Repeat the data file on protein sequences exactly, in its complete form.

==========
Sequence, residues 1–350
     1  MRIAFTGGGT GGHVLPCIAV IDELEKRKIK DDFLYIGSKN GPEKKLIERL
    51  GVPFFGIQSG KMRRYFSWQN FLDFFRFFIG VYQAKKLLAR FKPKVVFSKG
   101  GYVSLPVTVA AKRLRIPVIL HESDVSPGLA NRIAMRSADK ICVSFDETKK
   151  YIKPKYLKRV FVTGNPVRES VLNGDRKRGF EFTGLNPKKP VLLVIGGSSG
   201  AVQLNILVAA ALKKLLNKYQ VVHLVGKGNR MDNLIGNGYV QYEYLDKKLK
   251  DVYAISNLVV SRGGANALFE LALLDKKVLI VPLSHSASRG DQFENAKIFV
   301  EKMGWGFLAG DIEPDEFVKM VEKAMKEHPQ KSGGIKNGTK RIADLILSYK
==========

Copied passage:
Sequence, residues 1–350
     1  MRIAFTGGGT GGHVLPCIAV IDELEKRKIK DDFLYIGSKN GPEKKLIERL
    51  GVPFFGIQSG KMRRYFSWQN FLDFFRFFIG VYQAKKLLAR FKPKVVFSKG
   101  GYVSLPVTVA AKRLRIPVIL HESDVSPGLA NRIAMRSADK ICVSFDETKK
   151  YIKPKYLKRV FVTGNPVRES VLNGDRKRGF EFTGLNPKKP VLLVIGGSSG
   201  AVQLNILVAA ALKKLLNKYQ VVHLVGKGNR MDNLIGNGYV QYEYLDKKLK
   251  DVYAISNLVV SRGGANALFE LALLDKKVLI VPLSHSASRG DQFENAKIFV
   301  EKMGWGFLAG DIEPDEFVKM VEKAMKEHPQ KSGGIKNGTK RIADLILSYK